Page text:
The countdown begins to receiving some clarity on the suitable seating rule from the California Supreme Court. On January 5, 2016, the Court heard oral argument in the consolidated matters of Kilby v. CVS Pharmacy, Inc. and Henderson v. JP Morgan Chase Bank. These putative class actions claim that the employers violated Section 14 of Wage Orders 4-2001 and 7-2001 (the “suitable seating” rule), providing that “[a]ll working employees shall be provided with suitable seats when the nature of the work reasonably permits the use of the seats.” In the present proceedings, the Court is responding to a question certified by the Ninth Circuit for guidance on the meaning of the rule.

CVS and JPMorgan both argued for a “holistic approach” in which the factfinder should assess the nature of employees’ work by looking at the whole range of tasks they perform, the workplace’s layout and other factors, including the employer’s business judgment in requiring employees to stand to deliver the expected level of customer service.

In contrast, the employees argued for a task-oriented approach, and contended that if the tasks they are required to undertake can be done sitting down, then they should be provided seats. They also argued that an employer’s business judgment should never be taken into account. According to the employees, the suitable seating rule conveys a minimum labor standard, like meal and rest breaks, that cannot be compromised based on perceived customer preferences and expectations for a standing employee.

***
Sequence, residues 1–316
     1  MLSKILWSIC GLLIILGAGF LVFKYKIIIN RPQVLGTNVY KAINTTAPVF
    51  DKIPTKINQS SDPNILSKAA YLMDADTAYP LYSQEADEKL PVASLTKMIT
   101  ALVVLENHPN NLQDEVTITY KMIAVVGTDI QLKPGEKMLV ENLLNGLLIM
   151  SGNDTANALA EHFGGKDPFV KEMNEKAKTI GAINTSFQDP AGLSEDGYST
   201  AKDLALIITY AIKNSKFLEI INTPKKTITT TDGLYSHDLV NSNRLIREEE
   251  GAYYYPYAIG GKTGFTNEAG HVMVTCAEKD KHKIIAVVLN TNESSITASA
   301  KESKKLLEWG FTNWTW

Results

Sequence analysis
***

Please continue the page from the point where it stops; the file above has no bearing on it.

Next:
Questions from the justices  indicated that some were not wholly sold on either side’s argument. Although statements by Justice Goodwin Liu suggested that CVS and JPMorgan’s proposed approach was not unreasonable, others asked whether the holistic approach would contemplate any circumstance where an employee would be entitled to sit. Overall, the Court appeared concerned that if a holistic approach were adopted in applying the suitable seating rule, then there would never be a situation where an employee would be entitled to sit, because an employer’s business judgment would always weigh in favor of making the employee stand.

The Court also took issue with the employees’ contention that an employer’s business judgment should not be considered at all. Justice Liu questioned whether the use of the term “reasonably” necessarily requires consideration of an employer’s business judgment. A few comments indicate that some justices think employers are in the best position to determine what works for their business and whether the nature of the work permits the use of seats.

The Court has 90 days to issue its decision. Based on the questioning, it is difficult to say whether the decision will be a slam dunk win for either side. Will the Court adopt the holistic approach advocated by CVS and JPMorgan, write off the business judgment of an employer, as advocated by the employees, or come up with a different interpretation altogether?  Stay tuned to this space for further analysis when the decision comes down.